16. The rotary speed governor apparatus of claim 15, wherein the distal end of the shaft comprises a flow restriction configured to generate a pressure differential between the inlet and the outlet, to control circulation of the fluid in the volume defined by the housing.
17. A method for governing the speed of a fluid driven unit, comprising the steps of:
(a) providing a source of pressurized fluid, and a governing unit;
(b) directing the pressurized fluid first into the governing unit, and then into the fluid driven unit, the pressurized fluid directed into the fluid driven unit energizing the fluid driven unit, and rotating a volume of pressurized fluid in the governing unit, to impart both a circulating flow and a rotational flow to the volume of pressurized fluid in the governing unit; and
(c) interrupting the rotational flow in the governing unit to generate a braking torque, thereby governing the speed of the fluid driven unit.
18. The method of claim 17, wherein the step of interrupting the rotational flow to generate a braking torque comprises the step of interrupting the rotational flow using a plurality of stators and rotors stacked in an alternating configuration, such that the magnitude of the braking torque is a function of a number of stators and rotors included in the stack.
19. The method of claim 18, further comprising the step of increasing a magnitude of the braking torque by introducing additional similarly oriented rotors and stators into the volume of fluid.
20. A method for governing the speed of a fluid driven unit, comprising the steps of:
(a) providing a source of pressurized fluid, and a governing unit, the governing unit comprising a rotor, a shaft and a stator, wherein the shaft is drivingly coupled to the fluid driven unit, the rotor is rotated with the shaft, and the stator is fixed relative to the shaft and the rotor;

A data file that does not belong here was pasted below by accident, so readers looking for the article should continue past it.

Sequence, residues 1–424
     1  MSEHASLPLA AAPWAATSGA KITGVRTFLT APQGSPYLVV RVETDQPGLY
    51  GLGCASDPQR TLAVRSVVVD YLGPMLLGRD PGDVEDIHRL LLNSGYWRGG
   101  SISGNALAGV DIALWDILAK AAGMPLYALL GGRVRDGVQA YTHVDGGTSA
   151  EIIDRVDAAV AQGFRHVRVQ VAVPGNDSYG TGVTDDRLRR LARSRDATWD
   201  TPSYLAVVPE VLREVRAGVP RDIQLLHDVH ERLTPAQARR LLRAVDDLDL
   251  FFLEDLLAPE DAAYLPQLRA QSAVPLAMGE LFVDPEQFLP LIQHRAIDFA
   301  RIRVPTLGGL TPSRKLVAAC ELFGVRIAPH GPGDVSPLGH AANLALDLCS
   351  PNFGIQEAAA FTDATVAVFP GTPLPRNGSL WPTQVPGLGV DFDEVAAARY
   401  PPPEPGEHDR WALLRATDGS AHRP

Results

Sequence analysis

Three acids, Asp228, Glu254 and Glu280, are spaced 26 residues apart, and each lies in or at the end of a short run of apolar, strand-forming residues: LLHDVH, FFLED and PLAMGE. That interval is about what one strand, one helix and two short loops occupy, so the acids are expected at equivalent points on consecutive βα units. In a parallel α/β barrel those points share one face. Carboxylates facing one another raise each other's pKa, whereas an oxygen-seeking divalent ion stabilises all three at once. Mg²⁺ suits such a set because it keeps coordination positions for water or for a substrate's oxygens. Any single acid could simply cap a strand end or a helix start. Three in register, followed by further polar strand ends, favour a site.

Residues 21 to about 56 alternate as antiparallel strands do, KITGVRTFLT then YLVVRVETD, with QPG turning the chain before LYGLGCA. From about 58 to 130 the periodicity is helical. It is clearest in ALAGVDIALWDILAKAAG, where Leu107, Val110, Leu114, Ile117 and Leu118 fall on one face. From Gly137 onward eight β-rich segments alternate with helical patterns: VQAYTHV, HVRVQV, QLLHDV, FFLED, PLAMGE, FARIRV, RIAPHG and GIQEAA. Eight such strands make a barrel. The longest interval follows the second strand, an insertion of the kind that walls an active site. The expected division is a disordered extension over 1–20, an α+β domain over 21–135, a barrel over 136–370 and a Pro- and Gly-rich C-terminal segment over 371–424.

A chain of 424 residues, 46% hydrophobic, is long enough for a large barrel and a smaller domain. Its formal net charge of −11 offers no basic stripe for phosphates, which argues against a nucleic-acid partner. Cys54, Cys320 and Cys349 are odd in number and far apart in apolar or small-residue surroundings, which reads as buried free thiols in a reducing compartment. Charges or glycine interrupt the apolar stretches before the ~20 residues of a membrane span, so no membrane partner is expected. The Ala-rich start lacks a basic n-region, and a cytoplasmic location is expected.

(b) directing the pressurized fluid first into the governing unit, and then into the fluid driven unit, the pressurized fluid directed into the fluid driven unit energizing the fluid driven unit, thereby causing the shaft and rotor to rotate within the governing unit, the rotor imparting both a circulating flow and a rotational flow to the pressurized fluid in the governing unit; and
(c) interrupting the rotational flow in the governing unit with the stator, to generate a braking torque imparted upon the rotor and shaft, thereby governing the speed of the fluid driven unit.
21. The method of claim 20, further comprising the step of increasing a magnitude of the braking torque by introducing additional rotors and stators into the volume of fluid, such that the rotors and stators are stacked in the governing unit in an alternating configuration.
22. The method of claim 20, wherein the fluid driven unit whose speed is being governed by the braking torque comprises at least one of an axial flow turbine and a reaction turbine rotor.
23. A method for governing the speed of a reaction turbine jet rotor, comprising the steps of:
(a) providing a source of pressurized fluid, a governing unit comprising a shaft, a rotor, and a stator, the governing unit and the reaction turbine jet rotor being configured such that energizing the reaction turbine jet rotor results in rotation of the shaft in the governing unit;
(b) directing a pressurized fluid into the governing unit, the pressurized fluid filling the braking unit and then flowing into the reaction turbine jet rotor, energizing the reaction turbine jet rotor, thereby causing the shaft and rotor in the governing unit to rotate within the pressurized fluid in the governing unit, the rotor imparting both a circulating flow and a rotational flow to the pressurized fluid in the governing unit; and